Luxurious day spas are a hot-and-growing trend in San Juan (even for the cruise-bound) because of their customized treatments that incorporate local ingredients, Caribbean graciousness, and prices significantly lower than you'll find onboard. Pamper yourself at the Zen Spa in Condado (1054 Ashford Avenue, 787-722-8433) known for its eucalyptus steam room and "green tree" facials. The Ritz Carlton San Juan Hotel & Casino (6961 Avenue of the Governors, 787-253-1700) in the beach resort neighborhood of Isla Verde features a marble spa facility with sweeping views of the ocean. Signature treatments include the "Cafe con Leche," a body scrub made with grounds from locally grown coffee. Or, try "Parcha Massage" treatment, which includes an application of a passion fruit elixir. The Olas Spa in the Caribe Hilton (Los Rosales Street, San Geronimo Grounds, 787-977-5500), offers outdoor massages on a balcony overlooking the beach.
The long stretches in the Condado and Isla Verde neighborhoods, lined with high-rise hotels, are a great convenience, not only to the cruise port (allow about 20 minutes for a taxi ride) but also because they're chock-a-block with restaurants, water sports operators and bars. Want something more "local"? You'll need a full day (and a rental car) but Carolina Beach, a 30-minute scenic drive on the way to El Junque Rainforest, is a Puerto Rican haunt -- and full of colorful shacks selling snacks, beer and rum.
Ponce, on Puerto Rico's southern coast (and an easy 1.5-hour drive over the mountains), is the island's second largest city -- and the home of everything from "most like New Orleans" look-alike honors to the Caribbean's best ice cream. Ponce's hub is the Plaza de las Delicias, an urban square that features the historic Cathedral of Our Lady Guadeloupe, Las Bombas, a historic (and wacky) red-and-black striped fire station (now a museum), and plenty of gardens and fountains. The city's most interesting buildings are located on or near the plaza -- you'll notice they are a mix of styles, ranging from art deco to Creole. Also plaza-adjacent is King's Cream, a 40-year-old Puerto Rican institution where you can get handmade ice cream made with natural fruits. Beyond the plaza, check out the Serrallez House, a plantation-museum that was once owned by the family that founded Don Q Rum, the brand overwhelmingly favored by Puerto Ricans (they leave Bacardi on the shelves for the tourists).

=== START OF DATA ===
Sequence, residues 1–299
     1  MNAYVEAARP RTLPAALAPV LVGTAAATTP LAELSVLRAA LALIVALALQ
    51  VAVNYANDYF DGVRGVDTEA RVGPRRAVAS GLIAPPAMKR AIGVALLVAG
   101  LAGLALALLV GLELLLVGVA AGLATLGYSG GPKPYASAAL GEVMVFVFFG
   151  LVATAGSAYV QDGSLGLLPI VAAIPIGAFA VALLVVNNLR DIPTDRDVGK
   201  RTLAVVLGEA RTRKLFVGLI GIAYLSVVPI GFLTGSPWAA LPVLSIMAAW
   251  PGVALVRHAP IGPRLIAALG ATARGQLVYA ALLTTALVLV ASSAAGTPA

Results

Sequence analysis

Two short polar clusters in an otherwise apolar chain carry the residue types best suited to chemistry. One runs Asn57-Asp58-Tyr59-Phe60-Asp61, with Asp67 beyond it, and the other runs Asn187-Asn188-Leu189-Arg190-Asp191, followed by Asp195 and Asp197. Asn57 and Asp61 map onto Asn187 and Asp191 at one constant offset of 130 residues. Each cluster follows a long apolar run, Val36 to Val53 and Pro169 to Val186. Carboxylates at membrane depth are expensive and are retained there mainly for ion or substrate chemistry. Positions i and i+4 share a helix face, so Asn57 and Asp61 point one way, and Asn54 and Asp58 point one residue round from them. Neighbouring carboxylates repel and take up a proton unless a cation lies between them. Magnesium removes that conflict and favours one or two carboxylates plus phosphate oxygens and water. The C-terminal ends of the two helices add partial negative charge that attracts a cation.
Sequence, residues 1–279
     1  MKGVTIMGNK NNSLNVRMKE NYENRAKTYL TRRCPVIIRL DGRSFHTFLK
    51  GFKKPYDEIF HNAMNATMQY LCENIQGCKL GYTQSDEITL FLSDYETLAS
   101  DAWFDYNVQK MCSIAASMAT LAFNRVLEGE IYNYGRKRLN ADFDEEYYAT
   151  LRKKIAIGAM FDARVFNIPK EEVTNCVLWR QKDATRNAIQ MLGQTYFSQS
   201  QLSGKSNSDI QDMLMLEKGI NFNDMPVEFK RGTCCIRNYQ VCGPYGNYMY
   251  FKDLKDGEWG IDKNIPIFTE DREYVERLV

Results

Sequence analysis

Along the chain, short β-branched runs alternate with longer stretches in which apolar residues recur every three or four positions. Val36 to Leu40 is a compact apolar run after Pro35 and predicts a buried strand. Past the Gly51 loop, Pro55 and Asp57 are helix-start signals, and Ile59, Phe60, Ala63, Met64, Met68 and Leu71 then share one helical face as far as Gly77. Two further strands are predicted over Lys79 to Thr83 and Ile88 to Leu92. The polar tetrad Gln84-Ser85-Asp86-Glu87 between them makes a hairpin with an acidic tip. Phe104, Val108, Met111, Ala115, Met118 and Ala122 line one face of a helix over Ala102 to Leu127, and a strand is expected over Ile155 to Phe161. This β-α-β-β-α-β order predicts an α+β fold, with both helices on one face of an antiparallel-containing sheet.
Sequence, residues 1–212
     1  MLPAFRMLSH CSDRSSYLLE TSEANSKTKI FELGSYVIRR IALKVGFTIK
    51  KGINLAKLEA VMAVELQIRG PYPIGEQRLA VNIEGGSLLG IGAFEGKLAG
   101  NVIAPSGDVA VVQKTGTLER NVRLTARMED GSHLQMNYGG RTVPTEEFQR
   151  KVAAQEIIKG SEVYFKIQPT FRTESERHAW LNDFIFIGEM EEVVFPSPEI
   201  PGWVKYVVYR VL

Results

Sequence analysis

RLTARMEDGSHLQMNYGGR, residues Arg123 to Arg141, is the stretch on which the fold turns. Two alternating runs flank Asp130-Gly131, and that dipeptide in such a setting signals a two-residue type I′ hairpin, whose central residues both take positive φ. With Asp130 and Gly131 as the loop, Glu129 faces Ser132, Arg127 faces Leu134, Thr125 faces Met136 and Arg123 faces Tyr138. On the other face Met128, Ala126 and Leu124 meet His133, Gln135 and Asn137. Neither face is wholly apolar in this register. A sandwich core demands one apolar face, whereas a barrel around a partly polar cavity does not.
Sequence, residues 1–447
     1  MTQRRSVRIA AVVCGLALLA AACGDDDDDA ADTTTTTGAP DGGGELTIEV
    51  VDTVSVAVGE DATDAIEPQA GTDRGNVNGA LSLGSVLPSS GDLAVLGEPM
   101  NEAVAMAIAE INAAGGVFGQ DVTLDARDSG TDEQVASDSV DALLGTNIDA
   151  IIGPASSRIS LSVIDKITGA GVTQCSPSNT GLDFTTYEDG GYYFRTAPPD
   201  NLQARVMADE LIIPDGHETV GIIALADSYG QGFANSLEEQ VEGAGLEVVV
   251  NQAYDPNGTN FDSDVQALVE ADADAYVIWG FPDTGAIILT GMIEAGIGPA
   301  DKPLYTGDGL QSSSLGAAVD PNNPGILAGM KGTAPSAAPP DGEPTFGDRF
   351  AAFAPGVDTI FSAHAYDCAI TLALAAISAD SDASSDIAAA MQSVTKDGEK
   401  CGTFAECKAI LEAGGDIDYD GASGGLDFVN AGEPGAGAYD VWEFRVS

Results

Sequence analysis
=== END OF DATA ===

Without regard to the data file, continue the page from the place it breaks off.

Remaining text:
The Santurce marketplace at the Plaza del Mercado (called "La Placita") has been around forever, and it's a great local scene. Every morning, throngs of women carrying mesh shopping bags descend on the market to buy fresh fruits and vegetables. In addition to produce, you'll find handicrafts there, ranging from wooden santos (figures of saints) to handmade mundillo lace and carnival masks made of papier mache.
On Thursday, Friday and Saturday, the marketplace does double duty: After the vendors have shut down their stalls, people gather for one large block party. There's music, food, laughter, and of course, dancing in the streets.
Plaza del Mercado is a 20-minute ride from Old San Juan, either by bus (Take the #1, and get off at stop 18), or by taxi, readily available at the main cruise ship pier. The bus ride will cost you 50 cents, and the taxi will run about $12.
--by Carolyn Spencer Brown, Editor